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  22. Doctor Z is one of my all time favorites also. I will be looking for "Notes From the Underground" to read. I have been a huge fan of Pasternak, Dostoevsky, Tolstoy and also Solzhenitsyn. Anyone read "The Cossacks"? Once a long time ago I lost it before I could finish reading it and never did find another copy to finish it. You have inspired me to look for it again. I think my fastination with Russian books was inspired by a Russian friend of my parents when I was a child who told about her father, who was a doctor, being taken just like in "Doctor Zhivago". She never saw him again.

    Like

  23. Luckyzmom, thanks for visiting and leaving such an interesting comment. I'm glad to find a fellow Russian literature lover!I'm so sad about the story of your parents' friend. When I lived in Germany, the grandparents of our landlord lived above us. He came over to "West Germany" on a vacation when the wall went up, and he was never able to return to East Germany again. He died before seeing his family there, and it's always made me just sick at heart.The politics of some countries have such devastating effects; I think that's partly why I'm so fascinated with Russian literature because they've had to live such traumatic lives. I feel empowered to be that brave myself.

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  24. Luckyzmom, thanks for visiting and leaving such an interesting comment. I'm glad to find a fellow Russian literature lover!I'm so sad about the story of your parents' friend. When I lived in Germany, the grandparents of our landlord lived above us. He came over to "West Germany" on a vacation when the wall went up, and he was never able to return to East Germany again. He died before seeing his family there, and it's always made me just sick at heart.The politics of some countries have such devastating effects; I think that's partly why I'm so fascinated with Russian literature because they've had to live such traumatic lives. I feel empowered to be that brave myself.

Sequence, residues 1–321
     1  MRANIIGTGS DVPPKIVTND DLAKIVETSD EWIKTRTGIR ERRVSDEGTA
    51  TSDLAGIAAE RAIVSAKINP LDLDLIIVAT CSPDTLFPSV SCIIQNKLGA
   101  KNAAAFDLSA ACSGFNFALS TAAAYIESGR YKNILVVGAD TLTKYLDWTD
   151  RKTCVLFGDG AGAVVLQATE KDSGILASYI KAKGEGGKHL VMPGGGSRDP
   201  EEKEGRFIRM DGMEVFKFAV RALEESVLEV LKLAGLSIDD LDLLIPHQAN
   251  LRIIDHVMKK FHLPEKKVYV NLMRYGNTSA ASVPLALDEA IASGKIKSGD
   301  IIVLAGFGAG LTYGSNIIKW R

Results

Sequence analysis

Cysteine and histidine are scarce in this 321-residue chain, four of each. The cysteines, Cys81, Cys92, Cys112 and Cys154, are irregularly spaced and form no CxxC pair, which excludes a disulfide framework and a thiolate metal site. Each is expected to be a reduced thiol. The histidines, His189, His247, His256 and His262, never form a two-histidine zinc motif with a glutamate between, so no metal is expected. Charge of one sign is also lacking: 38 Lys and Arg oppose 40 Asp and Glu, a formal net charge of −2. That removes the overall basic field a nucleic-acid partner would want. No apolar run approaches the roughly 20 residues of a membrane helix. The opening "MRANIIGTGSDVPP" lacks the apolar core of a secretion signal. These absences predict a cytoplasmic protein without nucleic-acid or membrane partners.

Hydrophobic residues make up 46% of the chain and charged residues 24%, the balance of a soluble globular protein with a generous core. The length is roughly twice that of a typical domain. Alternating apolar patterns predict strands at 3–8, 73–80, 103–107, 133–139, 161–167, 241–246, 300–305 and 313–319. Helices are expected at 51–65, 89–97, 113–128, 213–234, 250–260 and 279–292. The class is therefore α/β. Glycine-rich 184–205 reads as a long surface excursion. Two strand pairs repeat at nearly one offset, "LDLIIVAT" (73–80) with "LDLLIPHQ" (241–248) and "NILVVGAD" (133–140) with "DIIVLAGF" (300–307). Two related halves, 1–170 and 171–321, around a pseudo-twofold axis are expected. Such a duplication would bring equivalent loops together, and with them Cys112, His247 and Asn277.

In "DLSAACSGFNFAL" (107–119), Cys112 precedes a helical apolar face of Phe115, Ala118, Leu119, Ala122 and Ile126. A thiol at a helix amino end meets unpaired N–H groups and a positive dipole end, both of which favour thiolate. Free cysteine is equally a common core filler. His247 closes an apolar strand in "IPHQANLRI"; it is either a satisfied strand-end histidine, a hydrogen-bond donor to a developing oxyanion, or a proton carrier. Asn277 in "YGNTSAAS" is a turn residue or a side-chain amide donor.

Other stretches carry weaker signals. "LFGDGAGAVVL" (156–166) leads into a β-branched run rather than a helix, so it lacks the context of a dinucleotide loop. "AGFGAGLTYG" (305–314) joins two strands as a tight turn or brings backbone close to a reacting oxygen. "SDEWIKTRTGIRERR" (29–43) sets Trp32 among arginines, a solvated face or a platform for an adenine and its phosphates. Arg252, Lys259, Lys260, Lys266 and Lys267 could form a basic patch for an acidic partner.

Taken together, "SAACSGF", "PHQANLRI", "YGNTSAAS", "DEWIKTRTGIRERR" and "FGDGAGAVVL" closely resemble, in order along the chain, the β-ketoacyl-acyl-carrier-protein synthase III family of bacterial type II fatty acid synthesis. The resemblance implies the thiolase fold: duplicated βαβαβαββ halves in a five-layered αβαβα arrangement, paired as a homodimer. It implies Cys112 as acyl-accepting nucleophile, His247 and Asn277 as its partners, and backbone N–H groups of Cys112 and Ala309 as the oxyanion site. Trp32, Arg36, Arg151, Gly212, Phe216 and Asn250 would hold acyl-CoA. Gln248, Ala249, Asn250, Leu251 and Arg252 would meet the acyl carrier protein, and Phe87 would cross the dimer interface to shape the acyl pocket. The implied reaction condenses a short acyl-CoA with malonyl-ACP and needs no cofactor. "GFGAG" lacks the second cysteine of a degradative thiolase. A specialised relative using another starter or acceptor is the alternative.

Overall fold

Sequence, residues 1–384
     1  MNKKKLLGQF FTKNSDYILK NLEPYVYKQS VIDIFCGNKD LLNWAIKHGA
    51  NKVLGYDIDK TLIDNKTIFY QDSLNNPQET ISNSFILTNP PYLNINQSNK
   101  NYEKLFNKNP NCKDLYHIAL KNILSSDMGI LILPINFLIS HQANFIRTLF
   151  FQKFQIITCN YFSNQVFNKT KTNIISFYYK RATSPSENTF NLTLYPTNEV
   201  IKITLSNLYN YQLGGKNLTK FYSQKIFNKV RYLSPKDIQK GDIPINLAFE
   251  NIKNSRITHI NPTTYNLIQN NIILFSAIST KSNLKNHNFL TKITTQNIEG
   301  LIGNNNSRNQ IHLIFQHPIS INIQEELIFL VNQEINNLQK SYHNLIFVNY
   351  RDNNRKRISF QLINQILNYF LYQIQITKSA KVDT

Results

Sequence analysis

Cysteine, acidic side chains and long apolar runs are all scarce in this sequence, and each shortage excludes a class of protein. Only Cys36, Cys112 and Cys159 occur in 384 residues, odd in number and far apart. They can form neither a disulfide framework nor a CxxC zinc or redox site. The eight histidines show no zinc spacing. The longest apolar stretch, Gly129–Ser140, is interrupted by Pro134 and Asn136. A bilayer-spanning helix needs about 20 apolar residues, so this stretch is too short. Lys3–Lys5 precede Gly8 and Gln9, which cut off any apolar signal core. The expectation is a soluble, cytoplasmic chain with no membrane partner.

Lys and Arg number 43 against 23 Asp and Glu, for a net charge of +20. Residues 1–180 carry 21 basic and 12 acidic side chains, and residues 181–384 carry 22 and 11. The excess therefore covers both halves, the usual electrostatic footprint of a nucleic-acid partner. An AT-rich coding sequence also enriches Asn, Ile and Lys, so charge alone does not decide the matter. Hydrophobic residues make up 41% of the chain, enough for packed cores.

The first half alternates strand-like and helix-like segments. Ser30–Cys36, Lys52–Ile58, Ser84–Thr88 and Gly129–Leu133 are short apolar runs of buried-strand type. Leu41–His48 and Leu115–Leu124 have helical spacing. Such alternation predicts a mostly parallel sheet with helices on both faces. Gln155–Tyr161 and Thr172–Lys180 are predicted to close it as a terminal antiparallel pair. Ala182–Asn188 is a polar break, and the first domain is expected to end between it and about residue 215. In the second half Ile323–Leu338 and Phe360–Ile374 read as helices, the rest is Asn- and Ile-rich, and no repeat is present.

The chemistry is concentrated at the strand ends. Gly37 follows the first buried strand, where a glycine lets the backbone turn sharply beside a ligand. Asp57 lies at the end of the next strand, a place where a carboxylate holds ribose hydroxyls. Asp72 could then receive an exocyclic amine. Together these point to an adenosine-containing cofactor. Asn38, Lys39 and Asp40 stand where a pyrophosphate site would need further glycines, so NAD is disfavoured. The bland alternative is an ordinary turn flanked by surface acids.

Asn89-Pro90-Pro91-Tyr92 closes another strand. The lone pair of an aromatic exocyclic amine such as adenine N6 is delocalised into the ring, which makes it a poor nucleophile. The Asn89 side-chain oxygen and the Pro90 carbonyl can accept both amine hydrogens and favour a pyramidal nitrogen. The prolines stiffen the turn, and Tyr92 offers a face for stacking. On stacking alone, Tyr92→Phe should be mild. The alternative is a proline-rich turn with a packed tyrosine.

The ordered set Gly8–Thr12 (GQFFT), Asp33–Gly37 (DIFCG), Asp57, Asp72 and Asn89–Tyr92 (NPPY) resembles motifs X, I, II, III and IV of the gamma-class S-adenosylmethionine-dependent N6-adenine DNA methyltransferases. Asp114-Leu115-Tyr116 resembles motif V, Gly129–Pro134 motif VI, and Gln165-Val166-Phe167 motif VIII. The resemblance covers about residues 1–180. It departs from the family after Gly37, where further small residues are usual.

Like

  25. I do, in fact, know someone who loves Russian lit as much as you – she's read The Brothers Karamazov 6 times! I wish that person were me. I do love the Russians but sadly, it's now been a couple of years since I found the energy to read any – the last Russian book I read was Anna Karenina in 2006 as I sat in trains moving between several former eastern block countries…very atmospheric!

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  26. I do, in fact, know someone who loves Russian lit as much as you – she's read The Brothers Karamazov 6 times! I wish that person were me. I do love the Russians but sadly, it's now been a couple of years since I found the energy to read any – the last Russian book I read was Anna Karenina in 2006 as I sat in trains moving between several former eastern block countries…very atmospheric!

    Like

  27. I really appreciate your reflections on the book and Russian literature, especially your last para re: the chase and meaning of life. As a relatively new book reader, I've not read any Russian stuff, I'm just working through the Japanese challenge at present. But I have a very strong alliance with Russian culture… my name is Russian, and I have been in love with Russian Music forever. There's something very soulful about the Russian mystique. Maybe when I'm ready to do that soul searching I'll delve into the literature. Thanks for encouraging this in me.

    Like

  28. I really appreciate your reflections on the book and Russian literature, especially your last para re: the chase and meaning of life. As a relatively new book reader, I've not read any Russian stuff, I'm just working through the Japanese challenge at present. But I have a very strong alliance with Russian culture… my name is Russian, and I have been in love with Russian Music forever. There's something very soulful about the Russian mystique. Maybe when I'm ready to do that soul searching I'll delve into the literature. Thanks for encouraging this in me.

    Like